A Constituency in Waiting
More To & From Rep. Emmer
What does it mean to represent the constituents of
Congressional District 6? We're still here, we're not going anywhere, and we expect you to represent us.
I called. I emailed.
I called and spoke to an Emmer aide at the Otsego office. I was shocked that he voted against passing H.R. 1620, the Violence Against Women Reauthorization Act of 2021. I told the aide I that I wanted to know why Emmer voted against the bill.
I also sent an email, through his website, on the same topic. I voiced my concern about what not supporting the legislation would mean for Shelters and programs serving victims and survivors of domestic violence.
H.R. 1620 had 186 cosponsors of which 2 were Republicans. The Bill passed on March 17, 2021 via a Roll Call Vote: 244/172.
14 Representatives did not vote.
Emmer voted Nay.
April 12, 2021
Dear Mrs. Gay,
Thank you for taking the time to contact me with your support for the Violence Against Women Reauthorization Act. As your Representative for the Sixth Congressional District of Minnesota, your views are very important to me and I appreciate the opportunity to respond.
The Violence Against Women Act (VAWA) was enacted in 1994, as a legislative effort to protect women from violent abuse. This legislation administers grants to vitally important programs to address and combat issues like domestic violence, child abuse, and rape. As you know, the Violence Against Women Reauthorization Act would reauthorize the Violence Against Women Act, along with a number of additional provisions. Without my support, this legislation passed the House of Representatives with a vote of 244-172.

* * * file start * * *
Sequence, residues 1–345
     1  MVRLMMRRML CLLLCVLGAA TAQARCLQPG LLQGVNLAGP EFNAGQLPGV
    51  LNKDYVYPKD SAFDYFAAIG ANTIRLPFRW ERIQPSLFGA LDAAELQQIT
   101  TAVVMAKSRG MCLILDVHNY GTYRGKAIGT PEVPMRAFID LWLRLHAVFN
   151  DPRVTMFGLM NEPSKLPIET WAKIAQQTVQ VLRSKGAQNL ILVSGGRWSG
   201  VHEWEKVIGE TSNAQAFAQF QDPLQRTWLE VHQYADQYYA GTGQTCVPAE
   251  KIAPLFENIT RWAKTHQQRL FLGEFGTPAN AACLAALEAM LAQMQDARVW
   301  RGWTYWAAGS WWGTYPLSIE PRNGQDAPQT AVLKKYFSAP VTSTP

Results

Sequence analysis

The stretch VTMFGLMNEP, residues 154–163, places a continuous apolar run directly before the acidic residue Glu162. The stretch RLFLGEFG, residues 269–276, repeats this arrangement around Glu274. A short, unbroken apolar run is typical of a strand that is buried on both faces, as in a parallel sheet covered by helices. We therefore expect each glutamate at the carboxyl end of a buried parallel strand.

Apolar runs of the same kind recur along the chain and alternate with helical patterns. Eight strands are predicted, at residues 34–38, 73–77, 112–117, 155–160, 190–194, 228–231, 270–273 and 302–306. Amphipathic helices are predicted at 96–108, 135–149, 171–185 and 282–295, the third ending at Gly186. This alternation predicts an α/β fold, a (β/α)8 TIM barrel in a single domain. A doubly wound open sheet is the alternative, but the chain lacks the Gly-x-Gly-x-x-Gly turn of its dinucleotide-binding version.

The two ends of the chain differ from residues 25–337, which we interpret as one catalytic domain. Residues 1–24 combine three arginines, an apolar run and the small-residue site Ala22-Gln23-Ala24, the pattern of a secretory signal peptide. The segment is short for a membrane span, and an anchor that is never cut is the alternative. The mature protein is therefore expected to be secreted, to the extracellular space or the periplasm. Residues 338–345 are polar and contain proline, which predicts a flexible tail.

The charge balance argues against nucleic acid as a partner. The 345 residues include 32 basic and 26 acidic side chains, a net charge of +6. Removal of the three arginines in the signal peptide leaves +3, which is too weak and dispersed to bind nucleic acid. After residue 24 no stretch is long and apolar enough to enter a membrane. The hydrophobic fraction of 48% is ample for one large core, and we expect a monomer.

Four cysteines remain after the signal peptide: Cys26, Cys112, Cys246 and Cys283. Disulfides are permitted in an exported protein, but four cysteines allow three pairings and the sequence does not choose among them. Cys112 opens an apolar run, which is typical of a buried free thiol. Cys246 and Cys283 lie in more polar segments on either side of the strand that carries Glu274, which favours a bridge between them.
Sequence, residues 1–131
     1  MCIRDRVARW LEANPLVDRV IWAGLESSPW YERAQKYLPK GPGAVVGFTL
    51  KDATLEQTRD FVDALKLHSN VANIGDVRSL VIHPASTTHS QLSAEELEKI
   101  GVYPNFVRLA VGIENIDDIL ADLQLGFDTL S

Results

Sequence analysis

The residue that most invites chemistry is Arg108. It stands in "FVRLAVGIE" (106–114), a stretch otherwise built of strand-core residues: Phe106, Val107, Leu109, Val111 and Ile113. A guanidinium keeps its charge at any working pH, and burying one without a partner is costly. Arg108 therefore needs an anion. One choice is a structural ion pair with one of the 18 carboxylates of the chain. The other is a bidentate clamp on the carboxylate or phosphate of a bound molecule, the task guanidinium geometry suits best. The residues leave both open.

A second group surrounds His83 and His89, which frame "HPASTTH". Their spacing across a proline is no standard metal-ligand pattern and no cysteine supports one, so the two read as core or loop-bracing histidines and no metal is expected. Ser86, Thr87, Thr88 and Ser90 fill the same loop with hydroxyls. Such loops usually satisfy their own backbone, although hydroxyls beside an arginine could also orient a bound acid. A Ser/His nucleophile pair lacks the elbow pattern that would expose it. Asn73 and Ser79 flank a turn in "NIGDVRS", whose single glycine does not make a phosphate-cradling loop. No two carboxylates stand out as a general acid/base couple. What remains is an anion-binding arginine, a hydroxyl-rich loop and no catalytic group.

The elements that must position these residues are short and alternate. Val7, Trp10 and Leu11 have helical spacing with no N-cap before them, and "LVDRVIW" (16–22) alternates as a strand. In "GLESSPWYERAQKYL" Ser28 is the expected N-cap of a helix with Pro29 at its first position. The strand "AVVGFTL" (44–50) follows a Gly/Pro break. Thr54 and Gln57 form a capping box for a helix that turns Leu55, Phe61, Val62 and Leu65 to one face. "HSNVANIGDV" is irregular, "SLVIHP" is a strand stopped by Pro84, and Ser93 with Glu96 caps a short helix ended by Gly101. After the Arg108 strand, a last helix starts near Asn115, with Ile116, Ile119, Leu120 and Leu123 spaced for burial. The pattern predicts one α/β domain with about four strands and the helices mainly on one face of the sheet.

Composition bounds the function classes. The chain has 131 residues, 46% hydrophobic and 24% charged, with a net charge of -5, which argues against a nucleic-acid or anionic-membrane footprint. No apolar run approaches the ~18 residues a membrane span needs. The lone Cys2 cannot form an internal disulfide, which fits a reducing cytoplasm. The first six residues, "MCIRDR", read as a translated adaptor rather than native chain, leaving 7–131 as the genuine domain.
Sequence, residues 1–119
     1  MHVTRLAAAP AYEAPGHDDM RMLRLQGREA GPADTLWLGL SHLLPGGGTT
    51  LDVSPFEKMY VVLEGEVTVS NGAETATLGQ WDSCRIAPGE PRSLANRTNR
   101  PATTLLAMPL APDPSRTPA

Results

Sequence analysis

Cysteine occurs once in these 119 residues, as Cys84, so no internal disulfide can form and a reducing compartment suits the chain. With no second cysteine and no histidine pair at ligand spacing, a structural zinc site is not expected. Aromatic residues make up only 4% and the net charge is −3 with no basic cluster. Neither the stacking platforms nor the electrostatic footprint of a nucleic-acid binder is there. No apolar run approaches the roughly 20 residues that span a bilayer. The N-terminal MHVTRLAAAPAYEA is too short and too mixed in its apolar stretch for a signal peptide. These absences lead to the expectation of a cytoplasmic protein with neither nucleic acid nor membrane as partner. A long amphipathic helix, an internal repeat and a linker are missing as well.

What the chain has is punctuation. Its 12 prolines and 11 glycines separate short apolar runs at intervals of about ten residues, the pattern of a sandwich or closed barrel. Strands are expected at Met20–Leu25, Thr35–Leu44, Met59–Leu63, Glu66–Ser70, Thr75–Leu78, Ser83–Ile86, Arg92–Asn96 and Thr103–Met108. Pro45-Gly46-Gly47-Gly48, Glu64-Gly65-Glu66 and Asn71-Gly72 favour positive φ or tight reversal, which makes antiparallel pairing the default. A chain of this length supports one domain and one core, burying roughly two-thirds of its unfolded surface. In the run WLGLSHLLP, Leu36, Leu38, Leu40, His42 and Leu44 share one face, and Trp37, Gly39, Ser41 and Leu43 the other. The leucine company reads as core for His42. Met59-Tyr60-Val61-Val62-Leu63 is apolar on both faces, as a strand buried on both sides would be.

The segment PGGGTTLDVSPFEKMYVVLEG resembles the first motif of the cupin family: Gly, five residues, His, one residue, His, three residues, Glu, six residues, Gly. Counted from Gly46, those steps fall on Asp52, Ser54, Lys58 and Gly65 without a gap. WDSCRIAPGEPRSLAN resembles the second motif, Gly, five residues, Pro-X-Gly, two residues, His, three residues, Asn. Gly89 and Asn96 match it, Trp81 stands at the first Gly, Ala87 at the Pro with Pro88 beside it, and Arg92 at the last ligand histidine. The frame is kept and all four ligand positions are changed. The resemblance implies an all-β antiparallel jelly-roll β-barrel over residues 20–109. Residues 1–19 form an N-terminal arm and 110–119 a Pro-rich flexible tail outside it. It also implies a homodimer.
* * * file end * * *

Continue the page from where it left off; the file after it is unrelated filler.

Unfortunately, this legislation became a partisan tool. Democrats failed to hold any hearing or markup of the legislation, which stripped Republicans of their opportunity to provide input on the bill. The VAWA Reauthorization Act includes partisan provisions, which led to my decision to oppose the legislation. It includes unproven victim treatment methods, limits the resources available for domestic violence cases, and does not include language providing exemptions for religious organizations.
Like you, I am concerned about domestic violence affecting communities in Minnesota and across the United States. This is why I re-introduced the Abby Honold Act. This legislation creates a voluntary grant program to train law enforcement personnel and first responders in evidence-based, trauma-informed interview techniques. These techniques can play an important role in preventing the re-traumatization of victims, improving communication between victims and law enforcement, and ensuring that accurate, complete information about the alleged assault is obtained.
Additionally, I joined my colleagues in sending a letter to House and Senate Leadership urging prioritized funding to support services for survivors of sexual assault, domestic violence, and child abuse. Rest assured, I will continue to work with my colleagues to protect victims of sexual assault with the ultimate goal of preventing these heinous criminal acts.
As Representative for the Sixth Congressional District of Minnesota, your opinions on the Violence Against Women Reauthorization Act and any other issue are vital to shaping my understanding and work. Thank you for taking the time to contact me, and if I can ever be of help in the future, please don’t hesitate to reach out again.
Member of Congress